Shape changing plastics could shape future device interaction

April 10, 2013
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What if your phone could change its texture? What if your screen could create physical buttons, or provide pinpoint haptic feedback? There is technology that could deliver that for us. It’s probably a long way off, but the concept is amazing.

If you have ever had a phone with a physical, QWERTY keyboard… you probably understand how great those are. It took away from the screen size, but at the time those were popular… we had no use for a larger screen. Now that we have Smartphones, with games and such, we can’t get enough of the larger screens. Yet, now and then, we all wish those physical keyboards could somehow be worked into our slim, sleek devices.

Perhaps, with this new technology, we can. What’s being called ‘shape changing plastic’ has the ability to manipulate itself on a very small scale. The technology, which utilizes electrostriction, basically applies an electrical field to your touchscreen. In doing so, the material the screen is made of reacts to the charge, and the varied charge can create texture.

The actual material of the screen is different, of course. It is a polymer which can be manipulated by “as much as 10%”. The only information on it is that it is a “high-strain electromechanical material”, and will re-form itself quickly after manipulation. This has usually been a compromise; we either got material that could be manipulated, but reformed slowly… or had limited formation properties, while keeping its shape well.

Tons of cool things are possible with this technology. Take, for instance, gaming. If, while playing a game, the actual physical interaction of your device could change… it would add a layer of enjoyment we’ve not yet imagined. Skateboarding over rough cement, or walking through mud… even flying into a headwind. All that could be realized in much better detail than our current method of altered game physics. We’d actually feel what we’re doing, not just experience it.

Accessibility

Shape changing plastic has a much deeper impact than many of us may realize, also. Think of those who need a little assistance functioning in society, under the parameters it has set forth. Some of us get by with a little help from our friends, or in this case… devices.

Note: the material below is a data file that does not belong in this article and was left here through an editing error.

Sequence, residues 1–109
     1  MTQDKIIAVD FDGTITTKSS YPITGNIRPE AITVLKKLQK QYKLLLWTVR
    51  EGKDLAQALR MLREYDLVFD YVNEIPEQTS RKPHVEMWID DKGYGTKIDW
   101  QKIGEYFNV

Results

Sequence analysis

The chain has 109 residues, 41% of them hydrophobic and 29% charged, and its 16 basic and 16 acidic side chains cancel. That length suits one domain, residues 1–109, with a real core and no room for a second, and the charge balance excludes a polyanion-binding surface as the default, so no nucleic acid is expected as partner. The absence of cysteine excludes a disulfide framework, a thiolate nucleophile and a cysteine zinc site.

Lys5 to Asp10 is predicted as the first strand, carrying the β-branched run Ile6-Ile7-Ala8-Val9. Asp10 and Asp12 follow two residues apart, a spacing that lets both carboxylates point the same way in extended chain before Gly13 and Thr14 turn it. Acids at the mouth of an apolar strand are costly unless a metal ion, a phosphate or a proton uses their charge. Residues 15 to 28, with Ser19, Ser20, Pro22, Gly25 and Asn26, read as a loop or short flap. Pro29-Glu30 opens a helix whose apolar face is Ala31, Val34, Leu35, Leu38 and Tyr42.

How many signs do you see in braille? Not many, I’m sure. A pinpoint haptic feedback screen could be manipulated into braille, adding a layer of functionality to society for our blind citizens. While audible feedback is handy, braille on a touchscreen could make things much more discoverable for them. As our tech world becomes more ingrained with our physical one, simple tasks we may take for granted, like stopping outside a restaurant to read a menu, could become available for a greater number of people. The GPS would know your position, and offer to give you the restaurant info and menu.

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Conclusion

Things that make life better also have the ability to make it simpler. Even though this technology is still in its infancy, it is absolutely one we should keep an eye on. Passive polymer such as this has the ability to do much more than enhance touch, as the video below demonstrates. The audio quality produced isn’t fantastic, but it’s a good start.

Will we ever see something as cool as a 3D model, popping from our mobile device screen? That’s hard to say. To be fair, we didn’t think a device screen could manipulate itself. There was also a time we didn’t think tilting a device could result in action, or viewing a web page could be done in a mobile environment. The future is an exciting place, and we’re all going.

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